As a woman that will turn 40 soon, and was just informed that perimenopause is the stage I'm in... No, the biological clock is not a fallicy...

That said, a dear friend of now 45 had wonderful healthy twin boys not to long ago. Two 40 y/o friends very healthy babies... and a now late 30 friend on her way to a healthy baby God willing!


Copied from GoAsk Alice

Unlike men, who produce new sperm daily throughout most of their lifetime, women are born with all their eggs in one — okay, two baskets (ovaries). To be more precise, a woman is born with about one to two million immature eggs, or follicles, in her ovaries.

Throughout her life, the vast majority of follicles will die through a process known as atresia. Atresia begins at birth and continues throughout the course of the woman's reproductive life. When a woman reaches puberty and starts to menstruate, only about 400,000 follicles remain. With each menstrual cycle, a thousand follicles are lost and only one lucky little follicle will actually mature into an ovum (egg), which is released into the fallopian tube, kicking off ovulation. That means that of the one to two million follicles, only about 400 will ever mature.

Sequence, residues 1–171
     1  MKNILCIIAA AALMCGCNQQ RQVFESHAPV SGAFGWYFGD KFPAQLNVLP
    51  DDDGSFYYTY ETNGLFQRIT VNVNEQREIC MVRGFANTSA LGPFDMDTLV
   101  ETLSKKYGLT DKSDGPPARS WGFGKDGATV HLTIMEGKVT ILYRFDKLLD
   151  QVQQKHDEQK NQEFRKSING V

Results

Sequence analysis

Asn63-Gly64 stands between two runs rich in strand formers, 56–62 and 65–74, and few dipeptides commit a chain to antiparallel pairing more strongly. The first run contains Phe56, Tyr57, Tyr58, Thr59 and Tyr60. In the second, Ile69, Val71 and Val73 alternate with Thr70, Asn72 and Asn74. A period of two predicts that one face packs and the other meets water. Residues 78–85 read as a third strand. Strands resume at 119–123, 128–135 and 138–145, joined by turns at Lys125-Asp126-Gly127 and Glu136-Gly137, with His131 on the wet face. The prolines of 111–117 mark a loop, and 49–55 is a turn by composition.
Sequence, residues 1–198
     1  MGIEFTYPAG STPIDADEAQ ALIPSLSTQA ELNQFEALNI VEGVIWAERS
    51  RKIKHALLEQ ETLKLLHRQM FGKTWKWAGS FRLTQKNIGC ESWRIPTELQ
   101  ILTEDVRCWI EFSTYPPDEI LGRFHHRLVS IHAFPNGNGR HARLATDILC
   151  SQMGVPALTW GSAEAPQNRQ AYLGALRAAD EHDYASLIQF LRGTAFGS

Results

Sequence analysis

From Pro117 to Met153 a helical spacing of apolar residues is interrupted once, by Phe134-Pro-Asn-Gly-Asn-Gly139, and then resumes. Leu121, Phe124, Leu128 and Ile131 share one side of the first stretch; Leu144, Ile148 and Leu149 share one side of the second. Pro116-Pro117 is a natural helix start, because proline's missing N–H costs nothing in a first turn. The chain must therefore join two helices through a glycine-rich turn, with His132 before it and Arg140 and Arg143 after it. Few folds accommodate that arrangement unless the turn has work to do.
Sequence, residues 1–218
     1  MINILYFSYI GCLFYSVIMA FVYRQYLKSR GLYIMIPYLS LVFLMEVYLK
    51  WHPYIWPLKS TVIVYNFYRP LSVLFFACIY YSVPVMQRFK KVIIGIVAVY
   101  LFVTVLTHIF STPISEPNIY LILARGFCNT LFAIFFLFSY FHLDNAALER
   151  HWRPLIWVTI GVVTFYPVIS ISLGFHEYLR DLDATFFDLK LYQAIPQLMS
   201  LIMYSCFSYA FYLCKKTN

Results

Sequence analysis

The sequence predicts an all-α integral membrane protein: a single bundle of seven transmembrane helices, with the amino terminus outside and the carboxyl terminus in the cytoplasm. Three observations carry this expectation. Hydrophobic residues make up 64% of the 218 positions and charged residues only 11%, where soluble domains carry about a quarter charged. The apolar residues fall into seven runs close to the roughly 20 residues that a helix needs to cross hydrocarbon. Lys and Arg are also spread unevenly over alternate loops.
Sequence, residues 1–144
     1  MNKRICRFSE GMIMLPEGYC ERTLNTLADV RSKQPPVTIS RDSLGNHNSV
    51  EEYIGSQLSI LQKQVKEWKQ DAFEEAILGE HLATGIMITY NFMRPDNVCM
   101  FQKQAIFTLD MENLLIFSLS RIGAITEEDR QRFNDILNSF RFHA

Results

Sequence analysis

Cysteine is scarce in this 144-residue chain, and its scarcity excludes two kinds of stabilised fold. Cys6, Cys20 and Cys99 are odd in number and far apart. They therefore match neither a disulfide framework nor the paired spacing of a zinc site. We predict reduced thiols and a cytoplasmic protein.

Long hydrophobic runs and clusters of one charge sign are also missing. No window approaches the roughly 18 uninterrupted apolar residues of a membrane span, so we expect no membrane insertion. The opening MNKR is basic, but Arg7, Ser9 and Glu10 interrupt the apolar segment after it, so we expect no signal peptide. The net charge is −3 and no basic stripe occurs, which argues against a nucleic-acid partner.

Relatively little or no follicles remain at menopause, which usually begins when a woman is between 48-55 years of age. The remaining follicles are unlikely to mature and become viable eggs because of the hormonal changes that come along with menopause.


So, Yeah, a woman runs out of time... hence the reference to the clock... And some women do great coming in at the very last minute. There are tests that can determine egg quality...

[/quote]

That website you quoted is a disgusting sex-promoting one, that instructs on masturbation, homosexual sex, including "fisting," recommends contraception, etc. I think you could find the information on some other website.

Here's their index, notice under fetishes it lists bestiality.